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From the slopes to the classroom: Chris Bingham

UNC Kenan-FlaglerBefore Chris Bingham won awards for his teaching and research in strategy and innovation, he graced the cover of an international snowboarding magazine.

Bingham was a nationally sponsored snowboarder in the 1980s, the earliest days of the sport. As he participated in the creation of a new industry, he was introduced to the themes of market emergence, innovation and change that continue to fascinate him long after he traded the slopes for the classroom.

And before Bingham decided on a career in academia, he worked for a large firm (Price Waterhouse), a small firm and two top-tier consulting firms (McKinsey & Company and Deloitte Consulting). The small firm was a design and architectural company that worked on four and five-star hospitality projects, including the Westin Hotel in Jakarta and Disney’s Animal Kingdom. He joined as director of finance, but his role quickly turned to general manager, which allowed him to explore almost every aspect of the firm’s operations, from hiring to sales.

“I was tasked with integrating all of the different functions of a business and deciding, for example, how marketing interplays with human resources and finance at a given moment,” said Bingham. “That’s where I really fell in love with strategy. The role of the strategist is to find how all of these different pieces can come together to help an organization create success and outperform others in its industry.”

He went back to Brigham Young University, where he’d graduated with an accounting degree, for an MBA and a master’s degree in international studies, and then on to Stanford to earn his PhD in strategy, organizations and entrepreneurship.

That passion for strategy remains at the forefront of his research interests at UNC Kenan-Flagler, where Bingham studies strategy, innovation and change in fast-paced, dynamic markets. He has examined organizational adaptation and innovation in high-tech industries and explored how entrepreneurial firms develop acquisition, product development, alliances and internationalization capabilities.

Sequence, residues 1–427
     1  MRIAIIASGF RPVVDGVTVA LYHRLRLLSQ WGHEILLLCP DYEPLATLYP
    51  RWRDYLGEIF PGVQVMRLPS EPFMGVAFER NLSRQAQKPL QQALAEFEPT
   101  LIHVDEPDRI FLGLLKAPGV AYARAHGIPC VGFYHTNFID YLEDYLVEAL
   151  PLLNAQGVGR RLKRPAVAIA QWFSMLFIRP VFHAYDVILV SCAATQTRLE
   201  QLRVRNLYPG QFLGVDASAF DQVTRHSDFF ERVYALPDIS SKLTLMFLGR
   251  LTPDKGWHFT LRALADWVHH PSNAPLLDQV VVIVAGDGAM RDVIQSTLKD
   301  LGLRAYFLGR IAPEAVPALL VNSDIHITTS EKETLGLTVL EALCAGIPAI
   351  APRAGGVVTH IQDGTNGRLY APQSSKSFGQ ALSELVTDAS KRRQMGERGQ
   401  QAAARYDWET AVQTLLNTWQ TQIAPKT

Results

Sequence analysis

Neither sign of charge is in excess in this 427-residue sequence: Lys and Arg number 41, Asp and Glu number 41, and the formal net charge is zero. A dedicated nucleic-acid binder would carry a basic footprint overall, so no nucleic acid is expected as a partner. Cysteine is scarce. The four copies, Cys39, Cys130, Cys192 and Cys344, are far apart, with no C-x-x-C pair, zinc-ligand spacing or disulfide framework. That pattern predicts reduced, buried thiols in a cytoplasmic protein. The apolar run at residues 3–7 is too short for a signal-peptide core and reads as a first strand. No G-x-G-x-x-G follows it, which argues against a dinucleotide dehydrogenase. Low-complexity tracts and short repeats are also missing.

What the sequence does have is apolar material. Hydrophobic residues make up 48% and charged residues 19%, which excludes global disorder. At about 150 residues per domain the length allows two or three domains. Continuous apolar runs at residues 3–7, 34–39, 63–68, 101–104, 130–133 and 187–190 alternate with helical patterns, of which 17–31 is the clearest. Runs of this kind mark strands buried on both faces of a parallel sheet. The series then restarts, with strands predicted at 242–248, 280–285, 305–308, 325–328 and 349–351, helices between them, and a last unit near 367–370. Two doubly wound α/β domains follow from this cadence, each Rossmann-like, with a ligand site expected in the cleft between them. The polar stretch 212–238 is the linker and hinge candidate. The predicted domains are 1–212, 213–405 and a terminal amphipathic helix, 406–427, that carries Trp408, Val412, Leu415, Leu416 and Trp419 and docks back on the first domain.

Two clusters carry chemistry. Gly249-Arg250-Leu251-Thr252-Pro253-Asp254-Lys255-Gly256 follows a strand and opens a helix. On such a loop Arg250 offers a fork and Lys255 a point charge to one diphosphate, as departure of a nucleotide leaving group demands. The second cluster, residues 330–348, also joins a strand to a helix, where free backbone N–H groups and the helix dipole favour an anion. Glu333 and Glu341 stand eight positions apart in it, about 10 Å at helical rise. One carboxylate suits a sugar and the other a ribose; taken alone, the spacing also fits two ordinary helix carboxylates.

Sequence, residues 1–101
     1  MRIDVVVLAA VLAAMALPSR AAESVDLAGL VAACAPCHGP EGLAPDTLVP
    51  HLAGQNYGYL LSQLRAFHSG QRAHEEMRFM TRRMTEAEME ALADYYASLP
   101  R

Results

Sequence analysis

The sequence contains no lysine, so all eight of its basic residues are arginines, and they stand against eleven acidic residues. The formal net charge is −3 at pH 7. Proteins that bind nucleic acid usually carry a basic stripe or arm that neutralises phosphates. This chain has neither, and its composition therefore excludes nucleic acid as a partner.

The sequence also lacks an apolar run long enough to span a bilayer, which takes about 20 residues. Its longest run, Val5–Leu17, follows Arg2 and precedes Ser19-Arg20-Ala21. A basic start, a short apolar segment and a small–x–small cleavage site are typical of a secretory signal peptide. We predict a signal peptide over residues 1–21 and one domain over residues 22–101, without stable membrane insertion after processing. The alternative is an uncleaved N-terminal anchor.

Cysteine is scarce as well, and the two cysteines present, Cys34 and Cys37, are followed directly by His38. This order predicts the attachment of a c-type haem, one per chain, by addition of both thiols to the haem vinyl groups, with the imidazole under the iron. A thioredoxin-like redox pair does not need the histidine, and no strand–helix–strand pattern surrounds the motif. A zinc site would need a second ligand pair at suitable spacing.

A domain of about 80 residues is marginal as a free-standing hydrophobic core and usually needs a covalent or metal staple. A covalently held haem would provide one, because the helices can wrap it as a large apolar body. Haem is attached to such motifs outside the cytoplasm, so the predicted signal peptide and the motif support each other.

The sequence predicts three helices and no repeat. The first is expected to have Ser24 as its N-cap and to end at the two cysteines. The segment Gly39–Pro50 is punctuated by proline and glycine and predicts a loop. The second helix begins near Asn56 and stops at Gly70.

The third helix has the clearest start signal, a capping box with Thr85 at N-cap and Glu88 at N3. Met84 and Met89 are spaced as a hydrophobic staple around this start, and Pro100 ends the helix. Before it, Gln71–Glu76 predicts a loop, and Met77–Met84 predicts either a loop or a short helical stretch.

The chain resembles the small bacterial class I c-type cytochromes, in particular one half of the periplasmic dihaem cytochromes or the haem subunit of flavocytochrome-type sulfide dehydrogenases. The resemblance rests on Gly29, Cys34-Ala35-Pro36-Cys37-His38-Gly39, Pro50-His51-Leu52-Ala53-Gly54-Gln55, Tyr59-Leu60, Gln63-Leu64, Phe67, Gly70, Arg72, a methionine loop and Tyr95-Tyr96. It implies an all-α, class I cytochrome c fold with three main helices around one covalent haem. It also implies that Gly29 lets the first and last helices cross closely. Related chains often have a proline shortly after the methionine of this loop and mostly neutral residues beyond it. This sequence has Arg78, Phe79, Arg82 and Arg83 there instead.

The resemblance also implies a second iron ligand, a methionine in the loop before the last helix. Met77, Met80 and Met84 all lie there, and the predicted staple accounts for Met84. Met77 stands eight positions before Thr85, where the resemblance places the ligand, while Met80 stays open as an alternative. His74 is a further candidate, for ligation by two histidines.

Much of his research is at the intersection of organizational learning and entrepreneurship, said Jennifer Conrad, former senior associated dean for academic affairs and the Dalton McMichael Distinguished Professor of Finance. “In today’s ‘high velocity markets’ – to borrow part of one of his course titles – understanding how firms might learn more quickly, adapt faster or introduce new ideas more successfully is of critical importance. Chris’s work has implications that are valuable for other types of organizations. Educational institutions, such as UNC Kenan-Flagler, also compete in the dynamic markets that he analyzes, and so benefit from his research.”

UNC Kenan-FlaglerIn the classroom, he takes a hands-on, applied approach to teaching. He uses a varied pedagogy to engage students, including role-playing, small group discussions and guest speakers. Bingham frequently reaches out to the UNC Kenan-Flagler alumni network to bring the concepts on his syllabus to life. Whether he’s Skyping in a CEO to let students pitch market creation ideas or hosting a panel of Coca-Cola executives to discuss an industry case study, his objective is to create an interactive learning experience.